How to get Django
Django is available open-source under the BSD license. We recommend using the latest version of Python 3, but you can also use Python 2.7. See the FAQ for the Python versions supported by each version of Django. Here’s how to get it:
Option 1: Get the latest official version
pip install Django==1.9.7
Option 2: Get the beta for 1.10
As part of the Django 1.10 development process, Django 1.10b1 is available. This release is only for users who want to try the new version and help identify remaining bugs before the 1.10 release. Please read the 1.10 release notes before using this package.
Install the beta with pip:
pip install --pre django
Or if you have pip < 1.4:
pip install https://www.djangoproject.com/download/1.10b1/tarball/
Option 3: Get the latest development version
The latest and greatest Django version is the one that’s in our Git repository (our revision-control system). This is only for experienced users who want to try incoming changes and help identify bugs before an official release. Get it using this shell command, which requires Git:
git clone https://github.com/django/django.git
You can also download a gzipped tarball of the development version. This archive is updated every time we commit code.
After you get it
See the installation guide for further instructions. Make sure you read the documentation that corresponds to the version of Django you’ve just installed.
And be sure to sign up for the django-users mailing list, where other Django users and the Django developers themselves all hang out to help each other.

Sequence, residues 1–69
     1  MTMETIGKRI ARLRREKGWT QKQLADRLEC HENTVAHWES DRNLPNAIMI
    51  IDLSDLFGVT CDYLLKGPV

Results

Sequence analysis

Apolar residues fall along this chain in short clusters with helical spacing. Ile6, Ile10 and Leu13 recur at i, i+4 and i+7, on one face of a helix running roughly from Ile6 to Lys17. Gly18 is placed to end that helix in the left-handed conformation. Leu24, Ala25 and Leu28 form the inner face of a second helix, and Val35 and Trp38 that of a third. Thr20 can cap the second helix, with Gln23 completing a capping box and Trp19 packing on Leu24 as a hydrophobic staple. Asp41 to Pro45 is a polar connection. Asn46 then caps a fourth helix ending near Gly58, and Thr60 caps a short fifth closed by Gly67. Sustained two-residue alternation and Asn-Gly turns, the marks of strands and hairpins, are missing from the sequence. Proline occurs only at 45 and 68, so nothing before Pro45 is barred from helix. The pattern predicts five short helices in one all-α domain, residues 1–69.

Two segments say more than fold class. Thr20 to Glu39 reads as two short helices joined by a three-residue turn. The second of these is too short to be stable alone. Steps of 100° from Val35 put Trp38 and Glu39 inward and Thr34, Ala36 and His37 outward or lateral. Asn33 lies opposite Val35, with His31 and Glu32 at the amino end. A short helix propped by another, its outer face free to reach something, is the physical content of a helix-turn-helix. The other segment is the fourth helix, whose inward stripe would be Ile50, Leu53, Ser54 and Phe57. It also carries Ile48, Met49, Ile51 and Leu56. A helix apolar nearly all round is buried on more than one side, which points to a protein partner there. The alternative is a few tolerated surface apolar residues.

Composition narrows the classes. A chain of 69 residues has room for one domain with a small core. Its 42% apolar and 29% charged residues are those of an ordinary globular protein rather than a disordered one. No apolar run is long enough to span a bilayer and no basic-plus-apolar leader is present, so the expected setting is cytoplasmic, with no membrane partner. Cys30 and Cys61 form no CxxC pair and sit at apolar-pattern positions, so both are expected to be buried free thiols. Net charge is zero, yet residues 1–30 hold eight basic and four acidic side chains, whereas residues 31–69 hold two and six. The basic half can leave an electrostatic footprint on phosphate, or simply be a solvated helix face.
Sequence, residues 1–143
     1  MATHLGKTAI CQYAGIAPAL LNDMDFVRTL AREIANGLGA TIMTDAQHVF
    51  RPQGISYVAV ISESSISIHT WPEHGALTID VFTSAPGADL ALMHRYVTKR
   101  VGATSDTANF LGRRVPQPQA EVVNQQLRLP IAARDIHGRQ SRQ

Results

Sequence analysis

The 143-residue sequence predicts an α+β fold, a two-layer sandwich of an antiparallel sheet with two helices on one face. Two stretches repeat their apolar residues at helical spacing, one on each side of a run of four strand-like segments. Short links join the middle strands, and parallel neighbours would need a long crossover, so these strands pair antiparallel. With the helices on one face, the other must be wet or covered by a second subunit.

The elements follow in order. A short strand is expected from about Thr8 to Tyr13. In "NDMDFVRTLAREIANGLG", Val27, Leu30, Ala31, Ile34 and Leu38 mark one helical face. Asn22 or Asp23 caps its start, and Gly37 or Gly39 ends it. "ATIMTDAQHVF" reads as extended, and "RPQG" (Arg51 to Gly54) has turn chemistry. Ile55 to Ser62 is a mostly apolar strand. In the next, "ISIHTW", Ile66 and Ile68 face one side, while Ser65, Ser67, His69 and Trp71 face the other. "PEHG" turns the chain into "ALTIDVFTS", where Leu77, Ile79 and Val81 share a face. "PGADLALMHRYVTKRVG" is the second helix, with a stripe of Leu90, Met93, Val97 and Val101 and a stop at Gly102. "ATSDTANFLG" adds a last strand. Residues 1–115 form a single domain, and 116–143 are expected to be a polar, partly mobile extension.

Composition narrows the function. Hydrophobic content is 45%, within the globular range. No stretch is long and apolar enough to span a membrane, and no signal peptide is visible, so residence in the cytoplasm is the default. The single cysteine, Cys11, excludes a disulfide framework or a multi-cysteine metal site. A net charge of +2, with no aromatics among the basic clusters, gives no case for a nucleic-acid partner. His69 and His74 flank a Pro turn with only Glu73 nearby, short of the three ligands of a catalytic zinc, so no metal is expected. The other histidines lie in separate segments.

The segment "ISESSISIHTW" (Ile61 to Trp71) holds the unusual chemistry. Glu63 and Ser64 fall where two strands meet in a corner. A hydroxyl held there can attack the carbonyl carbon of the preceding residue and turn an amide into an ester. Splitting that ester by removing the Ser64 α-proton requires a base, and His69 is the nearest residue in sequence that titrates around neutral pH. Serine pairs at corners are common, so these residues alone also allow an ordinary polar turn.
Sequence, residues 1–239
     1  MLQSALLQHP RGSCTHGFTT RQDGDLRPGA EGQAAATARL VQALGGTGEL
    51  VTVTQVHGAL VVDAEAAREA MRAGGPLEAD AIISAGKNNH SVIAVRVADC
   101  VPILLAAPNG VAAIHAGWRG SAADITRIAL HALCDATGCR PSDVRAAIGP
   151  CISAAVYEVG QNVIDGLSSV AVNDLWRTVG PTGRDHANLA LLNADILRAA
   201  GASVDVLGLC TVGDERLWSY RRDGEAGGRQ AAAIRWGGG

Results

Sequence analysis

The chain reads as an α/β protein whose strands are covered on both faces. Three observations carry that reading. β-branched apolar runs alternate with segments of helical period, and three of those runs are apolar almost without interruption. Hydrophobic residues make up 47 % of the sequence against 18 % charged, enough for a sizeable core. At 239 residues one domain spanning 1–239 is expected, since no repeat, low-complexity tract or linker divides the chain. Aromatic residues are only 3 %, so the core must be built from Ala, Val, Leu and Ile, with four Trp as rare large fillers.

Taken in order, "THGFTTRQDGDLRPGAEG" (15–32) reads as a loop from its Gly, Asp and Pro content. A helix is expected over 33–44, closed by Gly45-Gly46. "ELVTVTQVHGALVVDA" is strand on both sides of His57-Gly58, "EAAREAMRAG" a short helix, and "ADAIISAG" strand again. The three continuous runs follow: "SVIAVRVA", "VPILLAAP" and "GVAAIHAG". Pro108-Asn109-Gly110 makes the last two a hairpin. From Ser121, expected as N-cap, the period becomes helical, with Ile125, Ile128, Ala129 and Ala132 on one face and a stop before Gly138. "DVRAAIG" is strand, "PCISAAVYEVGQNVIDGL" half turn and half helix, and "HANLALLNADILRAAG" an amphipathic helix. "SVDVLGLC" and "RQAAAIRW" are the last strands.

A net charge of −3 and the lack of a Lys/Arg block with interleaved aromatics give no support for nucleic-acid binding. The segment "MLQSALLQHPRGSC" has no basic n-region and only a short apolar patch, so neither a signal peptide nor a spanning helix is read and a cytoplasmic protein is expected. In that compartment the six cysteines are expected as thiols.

Feature releases (A.B, A.B+1, etc.) will happen roughly every eight months. These releases will contain new features, improvements to existing features, and such.
Patch releases (A.B.C, etc.) will be issued as needed, to fix bugs and/or security issues. These releases will be 100% compatible with the associated feature release, unless this is impossible for security reasons or to prevent data loss. So the answer to "should I upgrade to the latest patch release?” will always be "yes."
Certain feature releases will be designated as long-term support (LTS) releases. These releases will get security and data loss fixes applied for a guaranteed period of time, typically three years.
See the supported versions policy for detailed guidelines about what fixes will be backported.
|Release Series||Latest Release||End of mainstream support1||End of extended support2|
|1.9||1.9.7||August 2016||April 2017|
|1.8 LTS||1.8.13||December 2015||Until at least April 2018|
|1.7||1.7.11||April 1, 2015||December 1, 2015|
|1.6||1.6.11||September 2, 2014||April 1, 2015|
|1.5||1.5.12||November 6, 2013||September 2, 2014|
|1.4 LTS||1.4.22||February 26, 2013||October 1, 2015|
|1.3||1.3.7||March 23, 2012||February 26, 2013|
Here's what the future roadmap looks like:
|Release Series||Release Date||End of mainstream support1||End of extended support2|
|1.10||August 2016||April 2017||December 2017|
|1.11 LTS 3||April 2017||December 2017||Until at least April 2020|
|2.0||December 2017||August 2018||April 2019|
|2.1||August 2018||April 2019||December 2019|
|2.2 LTS||April 2019||December 2019||Until at least April 2022|
|3.0||December 2019||August 2020||April 2021|
 Security fixes, data loss bugs, crashing bugs, major functionality
bugs in newly-introduced features, and regressions from older versions of Django.
 Security fixes and data loss bugs.
 Last version to support Python 2.7.